Periurethral tissue, on the other hand, is a more likely candidate for the location of the G-spot. This type of tissue makes up the vestibular bulb and the clitoral corpora cavernosa. It is possible that by putting pressure on the periurethral tissue, one might be indirectly stimulating the clitoris and the dorsal clitoral nerve. This is further supported by a study by Buisson et al. (2008), which demonstrated that clitoral bodies descend towards the anterior vaginal wall during sex because of levator ani muscles contraction.
Gravina et al. (2008), used ultrasonic measurement and identified a difference in thickness of the urethrovaginal space in 20 females. The thickness of this area seemed to be thicker in women who reported having vaginal orgasms than in woman who only had clitoral ones. Unfortunately, the researchers were not able to demonstrate that the thickness of the vaginal wall was linked to sexual pleasure. It is possible that the difference in thickness is simply an effect of stronger vaginal contractions in the women who experience vaginal orgasms, the sexual equivalent of lifting weights.
Certain histological studies have determined that the anterior wall, the suspected location of the G-spot, is more heavily innervated than the posterior wall. In addition, these studies claim that the closer you get to the vagina’s entrance, the more innervated the anterior wall gets. Many oppose these claims, however. Pauls et al. (2006) inspected the vaginal walls of 21 females and found that there was no significant difference in vaginal wall innervation throughout the vagina.
This review was unable to support to provide support for he existence of the female erogenous zone known as the G-spot. The variability of female genitalia might be the reason for this failure. It is also possible that the G-spot simply does not exist.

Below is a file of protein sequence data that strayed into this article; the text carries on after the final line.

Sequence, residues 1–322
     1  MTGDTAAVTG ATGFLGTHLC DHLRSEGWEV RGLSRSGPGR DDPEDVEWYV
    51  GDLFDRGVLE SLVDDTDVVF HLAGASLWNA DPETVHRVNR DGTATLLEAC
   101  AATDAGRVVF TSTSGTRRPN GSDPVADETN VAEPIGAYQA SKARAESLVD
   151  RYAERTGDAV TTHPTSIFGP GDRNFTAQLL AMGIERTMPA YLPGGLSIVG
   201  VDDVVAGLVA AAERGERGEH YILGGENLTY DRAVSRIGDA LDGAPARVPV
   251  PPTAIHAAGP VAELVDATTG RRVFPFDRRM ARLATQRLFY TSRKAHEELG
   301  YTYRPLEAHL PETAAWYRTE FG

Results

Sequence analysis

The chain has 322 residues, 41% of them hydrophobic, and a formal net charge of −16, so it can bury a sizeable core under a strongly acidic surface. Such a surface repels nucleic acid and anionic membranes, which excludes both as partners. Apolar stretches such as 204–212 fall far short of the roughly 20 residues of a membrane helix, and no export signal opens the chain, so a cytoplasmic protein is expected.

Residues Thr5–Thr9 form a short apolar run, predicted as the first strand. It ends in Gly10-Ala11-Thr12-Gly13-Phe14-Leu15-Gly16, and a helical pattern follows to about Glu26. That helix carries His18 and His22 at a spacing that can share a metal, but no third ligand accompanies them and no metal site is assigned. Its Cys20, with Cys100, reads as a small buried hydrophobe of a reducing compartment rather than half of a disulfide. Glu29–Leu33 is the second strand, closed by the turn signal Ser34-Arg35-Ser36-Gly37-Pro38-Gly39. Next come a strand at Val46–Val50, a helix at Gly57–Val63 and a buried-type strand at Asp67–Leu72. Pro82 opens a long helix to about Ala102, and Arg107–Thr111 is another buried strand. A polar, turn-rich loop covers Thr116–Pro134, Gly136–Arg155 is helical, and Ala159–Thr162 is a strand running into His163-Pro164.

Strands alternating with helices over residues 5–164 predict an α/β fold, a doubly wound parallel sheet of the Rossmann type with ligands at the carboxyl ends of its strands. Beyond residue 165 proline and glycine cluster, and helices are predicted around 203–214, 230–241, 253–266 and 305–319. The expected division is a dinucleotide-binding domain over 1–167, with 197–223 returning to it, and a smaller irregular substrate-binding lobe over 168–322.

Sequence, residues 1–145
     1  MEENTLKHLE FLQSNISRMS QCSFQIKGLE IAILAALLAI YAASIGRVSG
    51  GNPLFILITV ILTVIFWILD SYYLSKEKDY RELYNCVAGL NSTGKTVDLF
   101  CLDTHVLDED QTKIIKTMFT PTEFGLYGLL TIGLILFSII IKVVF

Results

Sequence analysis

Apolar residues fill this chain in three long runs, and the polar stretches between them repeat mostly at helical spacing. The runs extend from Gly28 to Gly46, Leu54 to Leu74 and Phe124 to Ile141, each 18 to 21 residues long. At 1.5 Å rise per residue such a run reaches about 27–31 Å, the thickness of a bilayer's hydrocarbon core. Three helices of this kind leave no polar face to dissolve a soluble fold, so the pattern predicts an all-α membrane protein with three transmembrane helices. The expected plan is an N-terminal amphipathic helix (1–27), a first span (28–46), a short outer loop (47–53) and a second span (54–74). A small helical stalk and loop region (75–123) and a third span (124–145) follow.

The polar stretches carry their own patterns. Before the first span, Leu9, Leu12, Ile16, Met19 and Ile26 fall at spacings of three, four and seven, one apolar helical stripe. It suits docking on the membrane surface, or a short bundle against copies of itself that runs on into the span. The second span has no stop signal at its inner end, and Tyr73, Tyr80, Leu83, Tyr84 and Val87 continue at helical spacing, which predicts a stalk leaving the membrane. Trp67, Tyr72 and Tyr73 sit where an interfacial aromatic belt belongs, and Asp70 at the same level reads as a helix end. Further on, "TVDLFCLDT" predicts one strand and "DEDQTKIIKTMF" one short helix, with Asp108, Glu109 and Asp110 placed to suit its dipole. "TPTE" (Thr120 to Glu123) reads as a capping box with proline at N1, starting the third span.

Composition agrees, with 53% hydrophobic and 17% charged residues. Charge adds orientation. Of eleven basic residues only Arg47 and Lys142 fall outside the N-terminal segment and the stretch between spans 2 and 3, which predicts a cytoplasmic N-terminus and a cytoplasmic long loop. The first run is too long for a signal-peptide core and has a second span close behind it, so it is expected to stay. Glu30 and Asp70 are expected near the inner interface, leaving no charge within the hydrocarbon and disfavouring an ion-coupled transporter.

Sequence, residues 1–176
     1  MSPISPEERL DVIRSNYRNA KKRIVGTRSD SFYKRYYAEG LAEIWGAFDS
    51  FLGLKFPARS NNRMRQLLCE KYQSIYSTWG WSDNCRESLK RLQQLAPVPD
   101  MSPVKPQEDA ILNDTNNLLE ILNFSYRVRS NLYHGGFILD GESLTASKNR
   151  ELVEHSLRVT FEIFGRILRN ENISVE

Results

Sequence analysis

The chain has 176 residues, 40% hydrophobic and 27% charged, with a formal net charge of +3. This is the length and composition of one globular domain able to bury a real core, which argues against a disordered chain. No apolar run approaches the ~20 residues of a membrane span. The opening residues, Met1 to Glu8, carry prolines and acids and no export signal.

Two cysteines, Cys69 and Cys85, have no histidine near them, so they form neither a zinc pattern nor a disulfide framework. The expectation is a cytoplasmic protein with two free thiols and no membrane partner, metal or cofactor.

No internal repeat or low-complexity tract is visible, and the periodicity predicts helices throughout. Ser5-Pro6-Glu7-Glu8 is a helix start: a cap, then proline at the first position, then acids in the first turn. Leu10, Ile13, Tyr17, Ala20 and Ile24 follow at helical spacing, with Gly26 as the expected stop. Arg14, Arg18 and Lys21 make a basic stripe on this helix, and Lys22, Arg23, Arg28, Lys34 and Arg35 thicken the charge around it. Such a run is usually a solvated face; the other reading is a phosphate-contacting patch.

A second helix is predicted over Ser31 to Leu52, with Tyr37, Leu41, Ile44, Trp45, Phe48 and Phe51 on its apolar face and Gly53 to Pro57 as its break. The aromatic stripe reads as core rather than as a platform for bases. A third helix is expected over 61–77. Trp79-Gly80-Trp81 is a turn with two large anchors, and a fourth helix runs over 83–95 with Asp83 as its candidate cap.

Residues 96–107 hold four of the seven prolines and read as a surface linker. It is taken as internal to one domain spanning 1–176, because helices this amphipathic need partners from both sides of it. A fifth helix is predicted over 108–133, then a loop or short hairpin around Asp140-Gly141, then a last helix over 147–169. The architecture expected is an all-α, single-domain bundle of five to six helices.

In any case, this question should be answered, not only important because it might allow women to improve their sexual pleasure, but also because there is a multimillion dollar industry that relies on the G-spot “myth” in order to maintain and increase its profit. For example, if there is no G-spot, than “G-spot augmentation” surgeries (also called G-Spot amplification), a growing fad involving injecting collagen into the anterior wall of the vagina, should be banned on the spot (no pun intended).
The researchers end the paper by stating that the question as to whether or not the G-spot exists is much less interesting or revealing than the public’s desire for proof of its existence, a statement with which I can finally wholeheartedly agree!
Kilchevsky, A., Vardi, Y., Lowenstein, L., & Gruenwald, I. (2012). Is the Female G-Spot Truly a Distinct Anatomic Entity? The Journal of Sexual Medicine DOI: 10.1111/j.1743-6109.2011.02623.x
Alzate H. (1990) Vaginal erogeneity, “female ejaculation,” and the “Grafenberg spot”.Archives of sexual behavior, 19(6), 607-11. PMID: 2082864
Gravina GL, Brandetti F, Martini P, Carosa E, Di Stasi SM, Morano S, Lenzi A, & Jannini EA. (2008) Measurement of the thickness of the urethrovaginal space in women with or without vaginal orgasm. The journal of sexual medicine, 5(3), 610-8. PMID: 18221286
Pauls R, Mutema G, Segal J, Silva WA, Kleeman S, Dryfhout Ma V, & Karram M. (2006) A prospective study examining the anatomic distribution of nerve density in the human vagina. The journal of sexual medicine, 3(6), 979-87. PMID: 17100930